Trap Debris:

@ July 16, 2014 8:50 PM in Trap on 4" sewer main in basement

Who'd a thunk.

I've been asked to open traps to look for lost earrings,  engagement and wedding rings. I've found them too.

Livin' In The Third World:

@ July 16, 2014 10:50 AM in How Long

That may be so.
I had a electronic thermometer with three test leads. You could test three things at once. Just not all at once. Where I worked, having Shade Tree mechanical abilities could be a must. I once had some ME/Rep tell me that I was incapable of changing the shaft seal on a booster pump. But he would come down with a mechanic (2 people) and change it. Minimum charge of 8 hours at $150.00 each, plus the part. I told him that unless he was born before 1943, I had probably been changing pump seals before he knew what a pump was. I changed it in 2 hours.
Engineers were the same.
In some varying form, I would have put a garden hose into a 5 gallon bucket, with my handy pump pumping in to the PE lake loop. With a 5 gallon bucket on the outlet. I would time the filling of the 5 gallon outlet bucket and determine how many GPM/GPH it was filling the bucket and computed how many # of water flowed into the bucket. I would have measured the sill cock water temperature going into the first bucket and the temperature of the water coming out of the lake to determine the differential. A third world calculation to figure out how many cooling BTU's are available. You could probably cool and de-humidify the building with the lake water for a large part of the year. Its my experience with engineers that if you have done your homework well, the engineer will take your figures, agree with your methodology, and get someone else to do the job so they can get a big cut out of the job. Leaving you watching someone else make a mess out of what you had carefully planned.

That Rep/ME? He had installed the booster pump system. The street pressure in the building going in to the pumps was 67#. It was boosted up to 135#. The whole potable water system in the public building was running at 135#, no matter what was run. The pumps were installed without a service by-pass so you could take the whole system out of the loop. With the pumps turned off, there was no pressure drop in the building and it still maintained over 60# flowing pressure THROUGH THE RESTRICTION OF THE PUMPS.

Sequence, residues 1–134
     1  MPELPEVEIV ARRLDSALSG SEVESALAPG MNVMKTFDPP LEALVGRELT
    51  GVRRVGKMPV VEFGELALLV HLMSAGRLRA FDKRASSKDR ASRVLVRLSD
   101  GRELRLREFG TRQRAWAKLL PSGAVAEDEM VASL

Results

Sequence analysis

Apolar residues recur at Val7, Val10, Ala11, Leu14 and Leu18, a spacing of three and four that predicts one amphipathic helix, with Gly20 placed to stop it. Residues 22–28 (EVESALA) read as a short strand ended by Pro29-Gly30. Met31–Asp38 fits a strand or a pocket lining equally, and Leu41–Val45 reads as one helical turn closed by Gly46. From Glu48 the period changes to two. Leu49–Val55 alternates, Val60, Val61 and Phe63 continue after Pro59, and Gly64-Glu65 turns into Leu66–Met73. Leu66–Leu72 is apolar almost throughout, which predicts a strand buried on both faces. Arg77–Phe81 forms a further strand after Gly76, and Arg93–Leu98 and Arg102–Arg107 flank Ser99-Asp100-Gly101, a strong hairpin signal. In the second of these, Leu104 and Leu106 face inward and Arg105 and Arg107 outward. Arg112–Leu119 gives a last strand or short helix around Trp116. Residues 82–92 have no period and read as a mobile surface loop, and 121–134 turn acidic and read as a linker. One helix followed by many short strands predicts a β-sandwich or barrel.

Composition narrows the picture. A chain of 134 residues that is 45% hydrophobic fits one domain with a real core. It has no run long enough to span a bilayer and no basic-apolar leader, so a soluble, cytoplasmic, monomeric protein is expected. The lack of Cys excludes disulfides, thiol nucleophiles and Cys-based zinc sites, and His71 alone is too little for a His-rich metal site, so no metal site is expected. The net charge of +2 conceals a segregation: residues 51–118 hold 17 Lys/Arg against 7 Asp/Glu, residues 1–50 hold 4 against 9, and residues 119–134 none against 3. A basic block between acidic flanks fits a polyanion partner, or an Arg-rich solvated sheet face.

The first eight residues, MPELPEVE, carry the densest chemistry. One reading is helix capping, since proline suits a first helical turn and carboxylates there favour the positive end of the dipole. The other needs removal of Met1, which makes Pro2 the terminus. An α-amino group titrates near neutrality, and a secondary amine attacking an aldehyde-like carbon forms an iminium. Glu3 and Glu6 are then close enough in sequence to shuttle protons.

Those of us who learned to keep our tools out of the hot sun and in the shade of the tree, would never do that. That's not even code.


@ July 16, 2014 10:13 AM in Ecodrain gets US building code approval

2" Type DWV Copper? It weighs 1.07# per foot. Maximum code length for an unvented shower drain is 6' developed. A scrap dealer might give you $20 to $ 25 for it. But how much $$$ savings are you going to get from mixing 120 degree water into a shower valve that mixes it down to 106* and goes down the drain at about the same temperature as a body fluid.
The manufacturer can make any claim they want. I'd just like to see actual repeatable test results. In installed field applications.
Take that same $$$ and insulate all the hot water lines. New flow restricted shower heads. There's money well spent.


@ July 16, 2014 9:26 AM in need help and ideas with tiny home floor

Sounds like a lot of money to spend on a throw away trailer.

Asking for help:

@ July 15, 2014 11:24 PM in Bouncing Gas Pressure

If you are pointing at me, sometimes in the REAL world, you get in situations where you've exhausted all hope of help, and they have basically left you to your own devices. Someone once said that the best bilge pump for a sinking boat is a guy, up to his knees in water with a 5 gallon bucket. When you are given a situation to resolve, and nothing resolves it, and everyone you ask has no solutions, where do you turn? You turn to yourself. By that time, it is hoped that you have enough experience to know that you have to turn off pressure to any and all appliances.